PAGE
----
The UK Financial Conduct Authority introduces new rules on complaints about authorised push payment fraud
Authorised Push Payment (‘APP’) fraud is a significant problem in the UK, with 43,875 cases and total losses of £236m in 2017. The fraud involves the victim being tricked into authorising the transfer of money into an account controlled by a fraudster. The Financial Conduct Authority has now expanded the obligations to handle complaints in line with the complaints handling rules in the FCA Handbook to receiving payment services providers (i.e. the payment provider receiving the victim’s funds). The new rules also allow victims to refer their complaints about receiving payment services providers to the Financial Ombudsman Service if they are unhappy with the outcome. We presume that these rule changes could lead to a significant increase in complaints against UK banks and other financial institutions. If so, professional indemnity insurance could be of particular importance.
The hidden threat of aggregation clauses
The recent Australian case of Bank of Queensland Ltd v AIG Australia Ltd  has once again shown the importance of aggregation clauses in professional indemnity policies for financial institutions. Such clauses are designed to allow for multiple claims or losses to be treated as one claim or one loss for the purposes of the given policy. They are particularly significant where the insured financial institution is facing multiple claims, each of which falls below the policy’s retention. If the aggregation clause does not allow multiple claims to be treated as one claim and therefore collectively exceed the retention, then the insured is unlikely to obtain coverage for such claims. Indeed that was the outcome for Bank of Queensland Ltd in the recent case. It is therefore very important to consider the language used in aggregation clauses with a view to giving insureds the best chance of recovery. For further background on aggregation clauses, please see our recent circular: ‘What Lies Beneath: the hidden threat of Aggregation Clauses’.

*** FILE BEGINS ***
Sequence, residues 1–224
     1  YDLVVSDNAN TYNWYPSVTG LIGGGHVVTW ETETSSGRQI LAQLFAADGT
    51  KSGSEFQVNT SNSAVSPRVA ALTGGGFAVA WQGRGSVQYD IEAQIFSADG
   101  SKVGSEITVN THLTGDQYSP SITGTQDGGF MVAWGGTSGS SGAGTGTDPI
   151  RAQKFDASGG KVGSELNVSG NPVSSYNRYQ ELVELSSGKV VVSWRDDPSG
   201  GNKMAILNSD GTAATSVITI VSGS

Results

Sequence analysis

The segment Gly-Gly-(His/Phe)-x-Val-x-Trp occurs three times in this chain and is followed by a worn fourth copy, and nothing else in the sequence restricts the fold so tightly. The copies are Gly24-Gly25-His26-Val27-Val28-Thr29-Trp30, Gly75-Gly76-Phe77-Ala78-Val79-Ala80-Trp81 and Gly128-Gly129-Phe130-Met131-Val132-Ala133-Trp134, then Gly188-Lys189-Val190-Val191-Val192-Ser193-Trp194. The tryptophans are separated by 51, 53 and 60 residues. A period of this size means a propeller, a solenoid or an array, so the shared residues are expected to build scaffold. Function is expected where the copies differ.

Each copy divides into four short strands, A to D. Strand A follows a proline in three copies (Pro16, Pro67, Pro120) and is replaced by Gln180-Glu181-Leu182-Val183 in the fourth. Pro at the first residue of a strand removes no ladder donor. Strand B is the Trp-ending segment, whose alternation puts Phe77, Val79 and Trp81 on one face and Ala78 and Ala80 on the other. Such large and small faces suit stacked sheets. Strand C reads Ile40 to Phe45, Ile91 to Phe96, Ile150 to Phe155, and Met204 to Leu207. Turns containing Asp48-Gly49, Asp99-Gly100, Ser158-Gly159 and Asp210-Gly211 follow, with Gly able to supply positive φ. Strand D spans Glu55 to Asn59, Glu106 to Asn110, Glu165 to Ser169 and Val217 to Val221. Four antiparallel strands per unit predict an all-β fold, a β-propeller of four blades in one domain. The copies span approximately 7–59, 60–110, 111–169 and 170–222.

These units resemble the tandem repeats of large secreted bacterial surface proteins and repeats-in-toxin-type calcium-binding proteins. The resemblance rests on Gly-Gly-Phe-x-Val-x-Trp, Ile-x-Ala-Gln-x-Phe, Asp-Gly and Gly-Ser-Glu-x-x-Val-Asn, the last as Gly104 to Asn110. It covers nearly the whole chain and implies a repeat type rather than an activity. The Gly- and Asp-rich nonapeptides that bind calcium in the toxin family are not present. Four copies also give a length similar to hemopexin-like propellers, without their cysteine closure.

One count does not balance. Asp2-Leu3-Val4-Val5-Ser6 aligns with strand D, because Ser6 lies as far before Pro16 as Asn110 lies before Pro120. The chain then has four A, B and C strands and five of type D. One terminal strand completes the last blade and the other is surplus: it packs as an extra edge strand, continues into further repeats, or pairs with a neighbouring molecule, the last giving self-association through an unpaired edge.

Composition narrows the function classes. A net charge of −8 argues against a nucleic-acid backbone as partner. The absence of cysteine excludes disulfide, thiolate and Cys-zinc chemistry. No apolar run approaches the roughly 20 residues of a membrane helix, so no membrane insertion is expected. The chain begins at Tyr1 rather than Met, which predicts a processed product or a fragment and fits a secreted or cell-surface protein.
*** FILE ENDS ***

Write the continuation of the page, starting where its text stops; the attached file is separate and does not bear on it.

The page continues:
Class actions in the UK
Recent press articles have suggested that the UK could be ripe for a significant increase in class actions. We understand that the UK has traditionally had a low incidence of class action type lawsuits as, amongst other things, there is a not a well-used procedure for such claims. However, the rise in litigation funders and the willingness of claimant law firms to attempt claims (including the recent failed £14bn claim against a major credit card provider), may suggest an increase is on its way. Given that two of the largest recent class action type claims in the UK were against two banks and related to such institutions’ equities, it is worth considering how financial lines insurance may respond to such claims. Indeed we understand that aspects of recent high profile UK claims may have been covered under the securities claim coverage under D&O insurance.